1997 saw the official opening of North West Waters’ (NWW) Lingley Mere Laboratory
near Warrington, Cheshire. Recognised as one of the most advanced in Europe,
its scientists use state-of-the-art technology to not only test drinking water
but also the quality of the wastewater the company returns to rivers and the
sea. Samples are analysed 24 hours a day, every day to ensure that water meets
the highest standards and the lab currently handles more than 250,000 samples
and more than 2.5M determinands each year.
Analysts are engaged in inorganic, organic and microbiological analyses, delivering
quality control support for clean and wastewater treatment using a range of
Eighteen analysts work in the organics laboratory at Lingley Mere conducting
analyses on the levels of organic matter in:
- drinking water,
- sewage – monitoring all stages of treatment,
- effluent and trade discharges – checking compliance of business effluent with
- soils – monitoring soil characteristics to ensure the most cost-effective
pipe-work is laid to eliminate risk of contamination.
Until the early 1990s, NWW operated three separate organics laboratories as
part of its analytical laboratory function, located near Manchester, Preston
and Warrington. A decision to centralise all laboratory operations at the purpose-built
Lingley Mere laboratory involved harmonising different working practices, equipment
and computing solutions.
A key part of that work involved harmonising with Xchrom from Thermo Labsystems.
There were a number of reasons for this:
- the system was Unix-based – which complied with NWW’s IT strategy,
- compatibility with its in-house written laboratory information management
system (LIMS) called ChemLMS. This link allows workbooks to be the created in
the LIMS and accepted by the CDS,
- Xchrom was the most flexible system with an ability to satisfy all sampling
- the system offered a high degree of instrument control,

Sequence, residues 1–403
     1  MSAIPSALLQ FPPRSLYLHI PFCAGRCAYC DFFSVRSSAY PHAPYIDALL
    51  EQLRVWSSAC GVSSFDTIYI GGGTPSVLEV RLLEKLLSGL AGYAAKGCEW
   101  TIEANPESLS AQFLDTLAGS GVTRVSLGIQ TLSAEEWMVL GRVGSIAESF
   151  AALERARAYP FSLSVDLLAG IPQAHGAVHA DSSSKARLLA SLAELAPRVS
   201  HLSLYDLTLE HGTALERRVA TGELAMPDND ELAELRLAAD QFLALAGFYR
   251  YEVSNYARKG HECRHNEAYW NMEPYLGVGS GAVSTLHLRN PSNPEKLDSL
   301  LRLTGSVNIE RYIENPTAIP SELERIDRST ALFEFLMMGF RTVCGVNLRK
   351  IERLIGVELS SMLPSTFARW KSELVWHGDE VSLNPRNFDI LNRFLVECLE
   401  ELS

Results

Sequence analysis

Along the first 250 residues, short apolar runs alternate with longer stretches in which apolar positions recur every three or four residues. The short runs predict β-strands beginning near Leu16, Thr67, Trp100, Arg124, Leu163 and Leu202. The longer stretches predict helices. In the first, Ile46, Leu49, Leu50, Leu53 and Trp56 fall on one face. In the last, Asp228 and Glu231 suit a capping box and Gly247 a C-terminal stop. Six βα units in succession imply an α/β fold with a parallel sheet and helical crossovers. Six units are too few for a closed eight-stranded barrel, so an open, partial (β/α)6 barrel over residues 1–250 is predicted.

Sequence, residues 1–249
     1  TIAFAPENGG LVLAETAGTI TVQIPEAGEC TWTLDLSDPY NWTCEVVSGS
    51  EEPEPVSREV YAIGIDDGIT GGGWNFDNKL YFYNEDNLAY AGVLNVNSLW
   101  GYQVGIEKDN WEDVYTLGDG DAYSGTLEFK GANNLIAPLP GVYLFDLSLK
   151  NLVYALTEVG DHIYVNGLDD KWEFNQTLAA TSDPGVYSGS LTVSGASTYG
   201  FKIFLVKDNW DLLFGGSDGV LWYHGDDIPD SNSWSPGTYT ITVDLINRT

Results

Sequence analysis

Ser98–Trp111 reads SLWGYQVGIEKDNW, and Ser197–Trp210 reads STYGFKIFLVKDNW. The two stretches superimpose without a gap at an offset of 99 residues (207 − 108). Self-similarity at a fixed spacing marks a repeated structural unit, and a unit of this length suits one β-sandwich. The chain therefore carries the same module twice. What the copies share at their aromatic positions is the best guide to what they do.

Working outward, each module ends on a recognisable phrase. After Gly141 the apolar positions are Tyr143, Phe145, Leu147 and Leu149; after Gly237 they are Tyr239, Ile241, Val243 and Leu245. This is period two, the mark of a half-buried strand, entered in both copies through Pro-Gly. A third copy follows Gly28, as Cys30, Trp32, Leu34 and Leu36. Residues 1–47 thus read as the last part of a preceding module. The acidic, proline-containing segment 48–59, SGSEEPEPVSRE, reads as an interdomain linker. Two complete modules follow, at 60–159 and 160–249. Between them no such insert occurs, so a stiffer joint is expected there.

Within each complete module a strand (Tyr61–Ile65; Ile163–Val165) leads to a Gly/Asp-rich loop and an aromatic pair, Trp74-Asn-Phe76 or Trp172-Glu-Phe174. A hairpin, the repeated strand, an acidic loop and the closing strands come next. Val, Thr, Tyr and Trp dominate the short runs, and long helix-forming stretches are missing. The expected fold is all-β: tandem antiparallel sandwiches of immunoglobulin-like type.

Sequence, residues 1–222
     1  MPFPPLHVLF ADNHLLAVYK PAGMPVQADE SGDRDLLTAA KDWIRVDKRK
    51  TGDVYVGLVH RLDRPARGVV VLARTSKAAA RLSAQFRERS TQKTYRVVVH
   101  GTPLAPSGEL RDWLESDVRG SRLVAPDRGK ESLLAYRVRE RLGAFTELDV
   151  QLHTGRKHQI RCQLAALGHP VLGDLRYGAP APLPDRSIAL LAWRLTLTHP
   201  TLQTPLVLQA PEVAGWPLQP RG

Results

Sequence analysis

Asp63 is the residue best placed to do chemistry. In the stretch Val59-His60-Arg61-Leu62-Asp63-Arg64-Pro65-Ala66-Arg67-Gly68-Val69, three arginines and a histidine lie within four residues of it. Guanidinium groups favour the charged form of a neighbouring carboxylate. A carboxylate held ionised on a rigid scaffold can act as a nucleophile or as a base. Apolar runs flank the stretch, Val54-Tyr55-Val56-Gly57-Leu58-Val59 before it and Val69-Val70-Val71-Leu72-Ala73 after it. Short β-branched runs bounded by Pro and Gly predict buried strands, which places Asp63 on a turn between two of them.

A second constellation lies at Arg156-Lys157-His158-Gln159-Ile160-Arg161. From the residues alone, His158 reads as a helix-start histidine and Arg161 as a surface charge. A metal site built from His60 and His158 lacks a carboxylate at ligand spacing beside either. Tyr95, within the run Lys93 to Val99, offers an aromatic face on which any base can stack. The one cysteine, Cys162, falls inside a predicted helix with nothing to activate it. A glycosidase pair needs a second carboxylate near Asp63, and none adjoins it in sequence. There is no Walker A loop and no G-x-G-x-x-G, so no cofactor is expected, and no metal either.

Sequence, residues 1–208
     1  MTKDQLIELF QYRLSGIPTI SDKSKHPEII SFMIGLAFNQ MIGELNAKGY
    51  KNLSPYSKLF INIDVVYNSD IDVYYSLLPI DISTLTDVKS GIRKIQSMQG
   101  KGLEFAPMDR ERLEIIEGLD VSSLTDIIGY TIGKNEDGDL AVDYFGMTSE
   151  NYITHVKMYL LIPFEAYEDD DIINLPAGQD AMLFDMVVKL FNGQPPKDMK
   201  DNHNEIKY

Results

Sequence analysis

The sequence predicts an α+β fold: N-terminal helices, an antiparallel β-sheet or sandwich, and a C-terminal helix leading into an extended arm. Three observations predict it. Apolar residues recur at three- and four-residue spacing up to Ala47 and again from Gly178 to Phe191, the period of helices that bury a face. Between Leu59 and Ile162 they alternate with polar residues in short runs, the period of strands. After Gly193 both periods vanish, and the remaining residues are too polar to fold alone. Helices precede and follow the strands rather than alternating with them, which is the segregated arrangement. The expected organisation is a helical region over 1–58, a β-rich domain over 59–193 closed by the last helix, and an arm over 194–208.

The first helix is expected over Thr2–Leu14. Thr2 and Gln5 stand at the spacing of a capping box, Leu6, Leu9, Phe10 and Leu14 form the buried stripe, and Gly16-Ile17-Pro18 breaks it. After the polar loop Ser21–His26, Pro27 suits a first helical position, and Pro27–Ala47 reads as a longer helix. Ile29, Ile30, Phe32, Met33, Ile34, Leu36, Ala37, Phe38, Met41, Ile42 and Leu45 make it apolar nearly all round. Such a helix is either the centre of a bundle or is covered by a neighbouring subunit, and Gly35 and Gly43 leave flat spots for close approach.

- the system was able to adapt and grow as new instruments and methodologies
By mid 1997, year 2000 compliance was becoming a key strategic issue at NWW.
The operating system of the HP/Unix-based Xchrom version 1.5.1 was not compliant,
so a migration to Xchrom 2.1 was considered. While version 2.1 was compliant,
HP-UX version 10.20 was much more memory intensive and response times were severely
affected. Buying more memory was an option but the cost looked prohibitive against
switching to the NT-based Atlas chromatography data system.
Atlas is a 32-bit chromatography data system, developed and supported by Thermo
Labsystems, which believes the system’s strength lies in its adaptability to
Atlas was developed for the Intel-Windows 95, Windows 98 and Windows NT environments
and is compatible with Microsoft Office. It is designed for use in fully networked,
secure and regulated environments and is scaleable from single instrument workstations
to full multi-channel, multi-user client/server implementations. Its development
and ease-of-use has benefited from a joint application development project,
administered by Thermo Labsystems and involving chromatographers from around
Following a review of the available systems and an intensive evaluation, the
final decision was taken to move to Atlas in November 1998. This prompted an
ambitious implementation schedule with the aim of being live by March 1999,
within NWW’s corporate deadline for year 2000 compliance. The implementation
- l the procurement and installation of new PCs and the associated networking,
- file transfer sub-project – this involved consultancy from Thermo Labsystems
to modify the interface between Atlas and the LIMS. New file transfer protocols
were written to cover file names, sample IDs, standards, etc, to eliminate manual
transcription and the associated transcription errors,
- live testing of instruments – this involved comparing results with those from
- training – this was conducted for two users and two system managers.
The migration itself was completed over a single weekend. Analysts logged off
from Xchrom on the Friday afternoon and arrived for work on the following Monday